2022 was Europe’s hottest summer but warmer years are likely to come
Europe experienced its hottest summer on record in 2022 and its second warmest year ever, according to the European State of the Climate report. The annual report, released today, also reveals that temperatures across Europe are rising at twice the global average, with the continent having experienced 2.2°C of warming since pre-industrial times.
The figures, which come from multiple data sets including satellite, in situ measurements and numerical weather prediction models, fit into the wider global heating trend, with global data showing that the past eight years have been the warmest on record.
The probability of getting a warmer year, both globally and in Europe, is increasing every year due to rising levels of greenhouse gases, says Samantha Burgess at the Copernicus Climate Change Service, which compiled the data for the report.
“If you imagine a deck of cards where the black cards are cooler years and the red ones warmer years, then the global heating effect is like removing black cards from the deck every year and replacing them with red ones,” says Burgess.
No corner of Europe escaped unscathed from the extreme conditions of 2022. In western Europe, peak summer temperatures were as much as 10°C greater than typical and, for the first time on record, temperatures in the UK reached 40°C (104°F).
Across southern Europe, heatwave conditions resulted in a record number of days with very strong heat stress – temperatures that feel between 38°C and 46°C (100°F and 115°F).
The high temperatures and long sunshine hours resulted in surface ozone concentrations reaching potentially harmful levels across much of Europe. Average sea surface temperatures across Europe’s seas were the warmest on record in 2022 and about three-quarters of its lakes were warmer than average, says the report.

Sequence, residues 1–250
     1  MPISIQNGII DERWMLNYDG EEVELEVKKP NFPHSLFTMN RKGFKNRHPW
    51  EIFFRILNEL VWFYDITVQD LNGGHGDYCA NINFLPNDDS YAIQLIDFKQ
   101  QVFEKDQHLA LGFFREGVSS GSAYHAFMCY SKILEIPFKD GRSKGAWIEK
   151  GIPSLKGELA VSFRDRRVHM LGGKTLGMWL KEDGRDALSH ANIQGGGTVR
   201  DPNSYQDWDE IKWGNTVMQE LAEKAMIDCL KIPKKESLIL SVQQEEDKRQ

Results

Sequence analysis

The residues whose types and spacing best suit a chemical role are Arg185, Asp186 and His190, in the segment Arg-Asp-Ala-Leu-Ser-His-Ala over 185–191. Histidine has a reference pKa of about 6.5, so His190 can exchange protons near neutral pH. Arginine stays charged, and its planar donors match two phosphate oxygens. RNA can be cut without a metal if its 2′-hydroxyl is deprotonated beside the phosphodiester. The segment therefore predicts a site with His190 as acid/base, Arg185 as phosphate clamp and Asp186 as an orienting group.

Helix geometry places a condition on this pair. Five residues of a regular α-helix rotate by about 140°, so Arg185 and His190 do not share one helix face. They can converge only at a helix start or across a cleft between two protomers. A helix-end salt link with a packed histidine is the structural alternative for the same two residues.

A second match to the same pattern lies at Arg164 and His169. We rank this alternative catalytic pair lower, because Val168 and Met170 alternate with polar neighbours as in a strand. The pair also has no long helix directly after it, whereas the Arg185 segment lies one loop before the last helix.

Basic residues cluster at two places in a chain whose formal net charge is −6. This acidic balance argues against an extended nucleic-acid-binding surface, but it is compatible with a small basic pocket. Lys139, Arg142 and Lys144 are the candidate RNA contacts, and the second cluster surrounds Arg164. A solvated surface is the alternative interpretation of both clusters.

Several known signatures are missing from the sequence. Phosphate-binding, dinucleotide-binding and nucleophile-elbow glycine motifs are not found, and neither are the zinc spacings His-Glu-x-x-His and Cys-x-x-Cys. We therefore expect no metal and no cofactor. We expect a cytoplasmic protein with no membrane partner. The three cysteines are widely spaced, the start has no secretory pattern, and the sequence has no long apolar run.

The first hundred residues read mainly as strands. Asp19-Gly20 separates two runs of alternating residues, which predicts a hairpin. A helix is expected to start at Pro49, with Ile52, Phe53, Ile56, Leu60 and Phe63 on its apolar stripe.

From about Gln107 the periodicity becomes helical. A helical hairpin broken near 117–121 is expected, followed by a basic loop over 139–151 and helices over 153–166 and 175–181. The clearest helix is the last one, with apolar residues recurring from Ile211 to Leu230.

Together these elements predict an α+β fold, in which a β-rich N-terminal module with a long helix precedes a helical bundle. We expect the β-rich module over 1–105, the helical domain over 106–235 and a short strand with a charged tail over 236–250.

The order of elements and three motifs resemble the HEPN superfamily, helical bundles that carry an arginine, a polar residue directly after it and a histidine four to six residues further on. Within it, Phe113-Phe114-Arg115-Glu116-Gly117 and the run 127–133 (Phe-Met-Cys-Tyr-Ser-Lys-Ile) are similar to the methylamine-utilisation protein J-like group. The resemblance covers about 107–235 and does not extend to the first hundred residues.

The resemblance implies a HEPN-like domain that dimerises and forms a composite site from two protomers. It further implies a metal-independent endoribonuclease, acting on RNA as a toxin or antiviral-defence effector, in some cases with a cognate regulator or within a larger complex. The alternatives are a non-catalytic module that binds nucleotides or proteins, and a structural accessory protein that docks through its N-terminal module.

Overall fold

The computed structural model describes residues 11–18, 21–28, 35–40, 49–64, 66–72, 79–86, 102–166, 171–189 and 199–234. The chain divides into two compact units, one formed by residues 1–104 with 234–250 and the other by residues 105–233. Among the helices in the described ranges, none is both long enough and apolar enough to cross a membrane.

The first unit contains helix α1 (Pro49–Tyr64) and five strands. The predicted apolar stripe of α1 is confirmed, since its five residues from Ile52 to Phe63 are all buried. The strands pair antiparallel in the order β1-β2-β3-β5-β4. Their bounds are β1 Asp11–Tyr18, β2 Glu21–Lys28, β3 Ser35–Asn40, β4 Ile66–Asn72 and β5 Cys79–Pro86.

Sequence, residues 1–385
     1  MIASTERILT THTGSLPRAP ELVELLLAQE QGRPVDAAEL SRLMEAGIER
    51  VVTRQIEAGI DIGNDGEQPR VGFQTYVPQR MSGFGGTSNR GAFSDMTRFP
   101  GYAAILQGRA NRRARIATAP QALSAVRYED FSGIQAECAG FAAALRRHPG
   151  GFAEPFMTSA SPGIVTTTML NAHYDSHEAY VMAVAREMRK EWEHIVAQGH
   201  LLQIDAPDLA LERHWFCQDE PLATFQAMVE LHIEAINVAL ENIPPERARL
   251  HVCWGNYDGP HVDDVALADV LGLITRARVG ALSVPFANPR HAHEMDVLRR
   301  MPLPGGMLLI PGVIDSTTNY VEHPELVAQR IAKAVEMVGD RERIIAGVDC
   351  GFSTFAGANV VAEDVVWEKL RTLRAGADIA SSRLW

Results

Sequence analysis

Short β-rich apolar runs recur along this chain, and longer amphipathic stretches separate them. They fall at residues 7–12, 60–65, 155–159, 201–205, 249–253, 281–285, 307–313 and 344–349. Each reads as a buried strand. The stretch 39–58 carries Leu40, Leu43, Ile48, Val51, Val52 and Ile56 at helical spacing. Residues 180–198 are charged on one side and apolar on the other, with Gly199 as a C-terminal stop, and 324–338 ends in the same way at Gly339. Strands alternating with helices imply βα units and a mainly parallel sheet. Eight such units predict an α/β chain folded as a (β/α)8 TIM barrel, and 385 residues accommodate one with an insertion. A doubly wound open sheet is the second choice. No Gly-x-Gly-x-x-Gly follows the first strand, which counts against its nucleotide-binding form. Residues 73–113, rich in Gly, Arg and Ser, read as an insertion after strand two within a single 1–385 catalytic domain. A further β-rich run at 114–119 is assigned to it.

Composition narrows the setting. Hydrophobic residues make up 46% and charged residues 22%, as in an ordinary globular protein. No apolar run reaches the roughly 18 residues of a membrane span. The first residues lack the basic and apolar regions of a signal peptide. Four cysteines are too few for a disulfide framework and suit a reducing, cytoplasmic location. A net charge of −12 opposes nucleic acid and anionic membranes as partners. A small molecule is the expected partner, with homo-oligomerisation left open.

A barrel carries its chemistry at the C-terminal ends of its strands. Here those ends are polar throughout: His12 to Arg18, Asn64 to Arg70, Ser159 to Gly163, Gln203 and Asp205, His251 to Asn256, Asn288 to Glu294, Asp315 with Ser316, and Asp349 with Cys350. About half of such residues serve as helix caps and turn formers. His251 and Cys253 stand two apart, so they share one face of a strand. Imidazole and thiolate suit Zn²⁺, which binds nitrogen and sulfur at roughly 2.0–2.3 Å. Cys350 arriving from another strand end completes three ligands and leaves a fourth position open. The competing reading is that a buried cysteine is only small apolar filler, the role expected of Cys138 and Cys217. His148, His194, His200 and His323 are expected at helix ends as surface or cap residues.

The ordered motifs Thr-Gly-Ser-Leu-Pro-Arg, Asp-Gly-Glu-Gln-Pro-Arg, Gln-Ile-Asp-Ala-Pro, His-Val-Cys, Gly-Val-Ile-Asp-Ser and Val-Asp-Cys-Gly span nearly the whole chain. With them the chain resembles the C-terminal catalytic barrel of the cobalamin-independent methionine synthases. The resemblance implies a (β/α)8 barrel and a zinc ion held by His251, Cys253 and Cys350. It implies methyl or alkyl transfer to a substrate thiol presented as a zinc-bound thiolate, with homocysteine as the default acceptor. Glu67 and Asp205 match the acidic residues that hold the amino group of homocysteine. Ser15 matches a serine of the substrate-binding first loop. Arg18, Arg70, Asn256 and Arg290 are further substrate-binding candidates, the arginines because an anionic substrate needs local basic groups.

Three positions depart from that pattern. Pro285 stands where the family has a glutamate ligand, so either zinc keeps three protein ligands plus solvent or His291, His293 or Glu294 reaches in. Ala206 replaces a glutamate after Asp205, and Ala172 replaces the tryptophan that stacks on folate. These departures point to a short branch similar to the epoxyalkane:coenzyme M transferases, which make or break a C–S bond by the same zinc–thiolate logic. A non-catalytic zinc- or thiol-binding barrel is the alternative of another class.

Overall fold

The unprecedented high temperatures and low rainfall – 10 per cent less than average – led to widespread drought, resulting in the second lowest river flow and the second largest wildfire burn area on record for Europe.
Effects on colder areas were also significant. A lack of snow along with the unusually warm summer caused record melting of Alpine glaciers, which lost more than 5 cubic kilometres of ice – equivalent to dropping in height by 3.5 metres.
It was a similar story in the Arctic, according to the report, with data showing that 2022 was the sixth warmest year on record there and the Svalbard region experienced its warmest summer on record, with some areas seeing temperatures 2.5°C above average. Meanwhile, exceptional September heatwaves across Greenland resulted in record-breaking ice sheet melt.
For both the Arctic and Europe, atmospheric circulation patterns played a key role in producing the extremes of 2022, with stable high-pressure conditions over western Europe generating warm, dry and sunny conditions. By autumn, a series of “rivers” in the atmosphere brought warmth and moisture to Greenland in September.
“The findings are all consistent with warming of climate due to the heating effect from our emissions of greenhouse gases,” says Richard Allan at the University of Reading, UK. “Land warms faster than ocean, but this can only explain some of the excessive warming seen in recent years over Europe, compared to other continents.”
Other drivers include Arctic warming and the loss of ice and snow in European mountain regions, which reduces the amount of solar energy reflected back to space, says Carlo Buontempo, director of the Copernicus Climate Change Service.
An El Niño climate pattern is anticipated to arrive later this year, which is likely to bring extreme global temperatures, but its link with European climate is relatively weak and it won’t necessarily drive up European temperatures.